But what the heck? It's a few hours until I pick up the rental car, I'm up early, and I have things to say. Besides, I'm already packed. Really and truly I am! I'm so proud of myself. A couple of hours of diligent work last night and I have a full, and well-planned suitcase to show for it.
As a reward for all of my good work, why not knit a bit? Kate isn't the only one getting a new beret around here.
It's the Parachute Beret pattern by John Brinegar, which is a house pattern at The Point. I had been eying it for weeks, and I finally decided to jump. I'm knitting it in some Twinkle Handknits Soft Chunky. To call this stuff "yarn" is a bit of a stretch; it's more like lightly spun roving. Still, I like it. And because the fabric made from the yarn is rather stiff in structure (but still feels soft) I think that it'll hold the shape of this beret just fine.
Lucky for me I "thought" to pick up an extra set of US15 DPNs when I was at the Spiders. For "thought" read "bought a set because she couldn't remember if she had any at home". Since I'm leaving town today, I'll have limited access to yarn stores for a couple of weeks (although Allegra did point out Maschenkunst in Cologne) and I knew that I couldn't get home only to find that I lacked a set. I would be screwed! Well, turns out that I now have two sets. [Of course, at the time I knew that if I purchased the needles, that would guarantee finding a set at home....]
But with all the increased necessary for this beret, it's not such a bad thing to have a few extra needles. I appreciate having these bulky stitches spread out among eight DPNs.
So, will I be able to wear this hat through airport security on Tuesday? Only time will tell.
Somehow the day got away from me yesterday, and I neglected to post:
It's Kate's finished hat-and-mittens set, all ready for gifting.
Kate's Orange Hat and Mittens
Pattern (for both): from Anne Budd's The Knitter's Handy Book of Patterns.
Needles: US10.5 DPNs for the ribbing, and US11 DPNs for the remainder.
Did I like the yarn? Yes? Yes. I'm going with yes. The bulky yarn consists of many strands of a thin two-ply thread which are themselves plied together (Spinners? Am I explaining this correctly?) It was a wee splitty. Nothing, however, that I could not handle.
What would I do differently next time? I would jog the needles more when knitting the hat, to eliminate the slight ladder that formed at the join.
This project was a close call. I'm in Christmas denial this year, and I don't know why. I've got the Christmas carols blasting on the iPod (thanks Virginia for the rockinest Christmas mix of the year), my shopping is done (and so is my wrapping), and you can't walk two steps around here without bumping into some holiday thing. For some reason, however, the mere fact that in less than a week I'll be jingle-belling it with the Kate-ster hasn't yet registered.
Perhaps the reason is that early on Christmas Day I've got to high-tail it to JFK and get on a flight to Germany. I'll be spending a few days with Sven's parents (along with Sven, of course) and then we're off to do more visiting. And lucky for me Sven's family lives in places like Cologne and Prague, and skis near places like Innsbruck. Yup, it'll be a Subway Knitter European Tour. I'll be gone for the better part of ten days. I haven't really done one iota of packing for this trip, and as of some time tomorrow I've got to leave with everything I'll need for the next two weeks packed into a little suitcase.
It's not true, I guess, that I haven't done anything. I've made a list of Things To Not Forget. Look:
To talk about Christmas shopping.
Too funny! Thanks, Amber, for pointing me towards it. I even think that I see my stop. Too bad that it's sold out (and no, I didn't buy it).
Okay, break over. Back to Kate's hat. As you might have expected, fixing the decreases took little time. The only part of this hat that makes me less than happy is the slight ladder that developed on the left-hand side. That was my join. In hindsight I should have moved my needles around a bit more as I was knitting. Oh well.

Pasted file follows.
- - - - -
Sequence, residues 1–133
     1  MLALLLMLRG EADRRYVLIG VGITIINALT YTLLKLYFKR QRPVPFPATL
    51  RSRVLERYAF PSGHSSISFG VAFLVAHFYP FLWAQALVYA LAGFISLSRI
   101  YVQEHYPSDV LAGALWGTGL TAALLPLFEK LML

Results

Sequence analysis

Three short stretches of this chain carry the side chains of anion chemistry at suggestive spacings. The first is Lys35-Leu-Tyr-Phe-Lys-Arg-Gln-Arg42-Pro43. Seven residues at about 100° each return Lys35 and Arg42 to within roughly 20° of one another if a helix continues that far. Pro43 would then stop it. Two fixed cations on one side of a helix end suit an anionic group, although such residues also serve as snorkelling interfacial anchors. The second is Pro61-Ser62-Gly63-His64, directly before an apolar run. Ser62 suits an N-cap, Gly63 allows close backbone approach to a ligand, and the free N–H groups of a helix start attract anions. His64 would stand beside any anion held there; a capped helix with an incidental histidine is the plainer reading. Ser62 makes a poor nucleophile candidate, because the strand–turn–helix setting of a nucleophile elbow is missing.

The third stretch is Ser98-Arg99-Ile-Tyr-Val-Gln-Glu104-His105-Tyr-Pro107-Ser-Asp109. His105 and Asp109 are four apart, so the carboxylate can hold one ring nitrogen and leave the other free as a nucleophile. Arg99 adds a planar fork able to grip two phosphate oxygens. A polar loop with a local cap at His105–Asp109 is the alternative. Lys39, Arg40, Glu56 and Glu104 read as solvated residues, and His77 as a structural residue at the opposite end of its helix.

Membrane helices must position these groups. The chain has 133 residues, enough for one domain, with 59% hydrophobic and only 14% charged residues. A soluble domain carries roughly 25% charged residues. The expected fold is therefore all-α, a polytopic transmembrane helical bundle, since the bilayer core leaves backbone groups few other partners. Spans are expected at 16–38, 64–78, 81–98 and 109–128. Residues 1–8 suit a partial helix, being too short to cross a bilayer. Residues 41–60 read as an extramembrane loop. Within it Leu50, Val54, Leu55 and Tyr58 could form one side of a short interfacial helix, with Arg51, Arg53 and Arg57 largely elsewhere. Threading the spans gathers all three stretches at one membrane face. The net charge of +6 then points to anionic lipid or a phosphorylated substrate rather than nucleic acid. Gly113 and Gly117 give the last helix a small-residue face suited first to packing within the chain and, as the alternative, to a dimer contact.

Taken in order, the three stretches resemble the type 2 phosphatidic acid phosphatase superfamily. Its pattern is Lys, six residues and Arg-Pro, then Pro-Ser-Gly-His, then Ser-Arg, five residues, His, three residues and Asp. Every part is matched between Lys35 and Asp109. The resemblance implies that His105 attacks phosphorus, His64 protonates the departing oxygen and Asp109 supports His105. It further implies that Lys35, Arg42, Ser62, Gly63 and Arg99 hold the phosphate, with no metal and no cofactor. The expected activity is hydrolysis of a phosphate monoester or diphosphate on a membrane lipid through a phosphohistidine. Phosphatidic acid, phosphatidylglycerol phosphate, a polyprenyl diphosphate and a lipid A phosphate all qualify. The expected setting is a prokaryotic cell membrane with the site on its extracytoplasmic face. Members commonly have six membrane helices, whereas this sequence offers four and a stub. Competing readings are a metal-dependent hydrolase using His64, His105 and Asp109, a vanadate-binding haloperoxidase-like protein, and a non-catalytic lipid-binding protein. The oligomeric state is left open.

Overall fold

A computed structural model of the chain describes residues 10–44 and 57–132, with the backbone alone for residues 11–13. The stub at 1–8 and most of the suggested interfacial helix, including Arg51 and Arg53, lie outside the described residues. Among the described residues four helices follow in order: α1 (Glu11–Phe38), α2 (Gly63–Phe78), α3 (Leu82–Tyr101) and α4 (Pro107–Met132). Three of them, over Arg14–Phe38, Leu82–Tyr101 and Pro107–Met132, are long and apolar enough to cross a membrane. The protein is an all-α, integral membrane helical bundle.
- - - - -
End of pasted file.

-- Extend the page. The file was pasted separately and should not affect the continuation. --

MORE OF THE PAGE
In fact, it took so little time that I had extra time (thanks to a longish subway ride to get my hair cut) to knit one mitten:
I'm starting to feel better about this.
Holy guac! What's going on with that hat? It's like a cross between a beret and a little elfin magic.
For about a second I thought that I could keep that wacky shaping. It is cute in its own way. But stupid cute's not what I'm going for here. I want a little ooh-la-la on Kate's head this year. "Ooh-la-la" on a one-year old is cute in a way that "What's up with that crazy hat someone is making her wear?" is not cute. After all, if she's getting a French coat (oh yes, nothing but the best for our girl Kate), she needs a little beret to go with it. Non?
What went wrong? There's obviously too many rows for the hat to lie flat. I'm using the tam pattern from Ann Budd's book. Those patterns are pretty basic as basic goes, and I couldn't believe that I had messed that up. At first I thought that there was a mistake in the instructions. Perhaps Ann didn't test knit every gauge. Then I realized that there's some confusion (for me, at least) when it comes to following the instructions. Which instructions to follow? The shaping instructions in the pattern body say to decrease six stitches every other row. This works fine for the basic shaping. But I want something different (of course! Me? Follow a pattern as written? How long have you been reading here?): a swirling decrease pattern given as a modification. To my reading, the main pattern indicated that one should decrease (SSK) one stitch at each marker every other row, and the swirling decrease will result.
As the photo shows above, that's sooooooooooooo not the case. In my confusion, I reread the modifications section. Those instructions indicated that one should decrease one stitch at each marker EVERY row. Ah ha! That would work.
Let me distract you from my knitting disaster with a picture of my neighborhood:
It's the Soldiers' and Sailors' Arch at Grand Army Plaza, all decked out for Christmas.
This was the scene that greeted me:
Kate's hat, and it's nowhere near completed. Christmas is slightly more than a week away, but I think that the hat needs to be done, blocked, and wrapped before I leave for my parents' house this weekend. It's just bad form to be knitting Kate's gift in front of her.
And if you recall, there's not just a hat to be knit, but a pair of mittens, too. A pair of mittens! I had better get cracking.